- Not enactedThe President has not signed this bill
- The senate has not voted
- The house has not voted
Committee on Ways and MeansIntroducedFebruary 7th, 2019
- house Committees
What is House Bill H.R. 1043?
Cost of House Bill H.R. 1043
In-Depth: Rep. Scott Peters (D-CA) reintroduced this bill from the 115th Congress to incentivize employers to offer student loan assistance to help their employees pay of college debt:
“I relied on student loans to get through college when the cost of higher education was much lower than it is today. Now, the collective debt among people in the U.S. is more than $1.5 trillion dollars, which hurts economic growth. Many employers have successfully helped their employees pay down their debt, and encouraging similar programs across the country can move us closer to solving the student debt crisis. Our economy benefits, too, when young Americans begin making investments like buying a home, starting a family, or saving for retirement. I appreciate Rep. Davis’s commitment to tackling this important issue.”
Original cosponsor Rep. Rodney Davis (R-IL) adds that this bill is badly needed, given the magnitude of the U.S.’ student loan debt problem:
“Student loan debt is now the second highest form of consumer debt and prevents many in the workforce from fully contributing to our economy. Student loan debt is such a major issue that some private companies have found that offering a benefit to help employees pay down their student loans has allowed them to recruit and retain young talent. Our bill simply builds on this private-sector approach to addressing the student loan debt crisis in this country by allowing this benefit to be tax-free to both the employee and the employer. This innovative approach to student loan debt that has the potential to be the 401(k) of student loans and help millions of graduates who are struggling with student debt.”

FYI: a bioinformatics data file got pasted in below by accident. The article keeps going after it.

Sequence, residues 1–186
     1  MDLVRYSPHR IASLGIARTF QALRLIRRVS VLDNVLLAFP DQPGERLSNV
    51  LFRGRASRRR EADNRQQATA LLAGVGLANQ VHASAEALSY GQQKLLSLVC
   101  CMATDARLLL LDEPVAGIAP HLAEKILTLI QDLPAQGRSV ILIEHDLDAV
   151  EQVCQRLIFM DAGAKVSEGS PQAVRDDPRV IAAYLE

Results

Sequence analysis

The National Association of College and University Business Officers (NACUBO) supports this bill. Its President and CEO, Susan Whealler Johnston, says:
“The benefits currently offered by Section 127 of the tax code are an important tool for employers to attract the best possible employees and build a skilled workforce. While Section 127 is currently a valuable tool in supporting U.S. competitiveness it could, upon passage of the Employer Participation in Repayment Act, become the benefit of choice for tuition assistance and loan repayments among employers. Expansion of Section 127 would benefit employers, employees, students, and families, and help both institutions of higher learning and the U.S. workforce retain a top spot on the global stage.”
“The Employer Participation in Repayment Act is game-changing legislation that will provide the opportunity of relief for millions of Americans struggling with student loan debt and will motivate many more employers to offer a student loan repayment benefit. Excluding employer student loan payments from gross income will make this employee benefit more affordable and has been the missing incentive preventing many companies from offering this benefit… Allowing employees to receive a tax-free student loan repayment contribution from their employers will enable individuals to pay off their loans faster, saving thousands of dollars in the process. We strongly urge Congress to move quickly to pass this much-needed, bipartisan legislation and allow employer-provided student loan benefits to be tax free for employees.”